Six months on - Nepal earthquake survivors face new challenges

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World Vision continues relief efforts in the face of critical shortages of fuel and other materials
Despite the challenges, World Vision's relief efforts have reached more than 200,000 people in affected areas around the country. Photo/World Vision
(October 23, 2015)
Six months after a devastating earthquake struck Nepal, World Vision continues to overcome enormous obstacles to help people in need in one of Asia's poorest landlocked nations. Since the 7.8 magnitude earthquake struck on April 25th, Nepal has struggled to rebuild in the face of political uncertainty and a shortage of fuel for vehicles, which has hampered the distribution of relief supplies, particularly in remote regions. 

Despite the challenges, World Vision's relief efforts have reached more than 200,000 people in affected areas around the country. The international humanitarian aid agency has distributed emergency shelter and hygiene kits and helped provide clean drinking water to households, as well as cash for work programs and cash transfers directly to people in need. As well, thousands of children have benefited from World Vision's Child-friendly Spaces, where they can learn, play and receive support in a safe, friendly environment.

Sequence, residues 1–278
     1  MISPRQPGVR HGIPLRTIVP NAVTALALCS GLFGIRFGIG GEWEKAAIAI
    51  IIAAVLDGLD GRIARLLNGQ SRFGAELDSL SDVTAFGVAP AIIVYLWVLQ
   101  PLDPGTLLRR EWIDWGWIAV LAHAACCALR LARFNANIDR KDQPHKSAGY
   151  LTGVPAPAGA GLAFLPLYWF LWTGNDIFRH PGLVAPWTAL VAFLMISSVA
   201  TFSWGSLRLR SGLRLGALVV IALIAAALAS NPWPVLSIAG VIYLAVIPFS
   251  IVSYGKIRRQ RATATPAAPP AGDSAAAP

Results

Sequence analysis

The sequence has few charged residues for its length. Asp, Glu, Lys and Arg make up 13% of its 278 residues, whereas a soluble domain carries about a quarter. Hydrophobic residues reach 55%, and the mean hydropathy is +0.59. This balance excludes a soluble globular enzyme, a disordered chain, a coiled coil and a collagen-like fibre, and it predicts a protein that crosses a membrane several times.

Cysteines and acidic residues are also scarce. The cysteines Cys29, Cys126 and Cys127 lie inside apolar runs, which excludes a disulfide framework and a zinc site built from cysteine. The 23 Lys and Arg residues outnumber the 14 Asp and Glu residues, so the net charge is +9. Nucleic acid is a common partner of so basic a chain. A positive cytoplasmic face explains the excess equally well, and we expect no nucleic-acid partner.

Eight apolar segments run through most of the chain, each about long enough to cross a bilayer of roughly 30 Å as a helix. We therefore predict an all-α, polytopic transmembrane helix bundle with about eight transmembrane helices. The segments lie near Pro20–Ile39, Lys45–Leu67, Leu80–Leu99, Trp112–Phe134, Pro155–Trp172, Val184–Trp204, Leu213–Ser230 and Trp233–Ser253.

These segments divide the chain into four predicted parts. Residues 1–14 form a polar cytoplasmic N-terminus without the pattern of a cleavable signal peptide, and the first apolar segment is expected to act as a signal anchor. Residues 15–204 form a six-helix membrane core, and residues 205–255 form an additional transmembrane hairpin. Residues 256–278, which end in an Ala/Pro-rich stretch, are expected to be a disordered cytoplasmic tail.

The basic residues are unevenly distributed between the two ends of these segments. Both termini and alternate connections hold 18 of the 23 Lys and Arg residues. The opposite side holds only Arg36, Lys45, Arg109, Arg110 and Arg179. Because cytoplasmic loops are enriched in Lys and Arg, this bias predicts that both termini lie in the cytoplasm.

"I am amazed by the resilience of Nepalese families. They have worked so hard over the past six months and we are happy to walk alongside families as they attempt to recover some sort of normal life," says Jennifer MacCann, World Vision's Nepal Earthquake Response Director. "Despite facing challenges, families are sending their children back to school, rebuilding their houses and starting to study economic opportunities." 
"During my visit to Nepal in the immediate aftermath of the earthquake, I saw the devastation to homes and businesses, but I also witnessed the courage and dignity of the Nepalese people," says Michael Messenger, president and CEO of World Vision Canada. "Generous Canadians donated more than $6 million to World Vision's relief efforts for Nepal. Those gifts are already having a significant impact for children and families. 
Fast Facts: 
  • The April 25th earthquake in Nepal and the subsequent major aftershock on May 12th left more than 8,800 people dead and totally or partially destroyed more than 350,000 homes in Nepal; 
  • Over the past six months, World Vision's earthquake relief efforts have reached more than 229,000 people in some of the hardest hit regions in Nepal; and 
  • More than 8-thousand children took part in activities at World Vision's Child-friendly Spaces in the Nepalese capital of Kathmandu and in other communities where World Vision is working.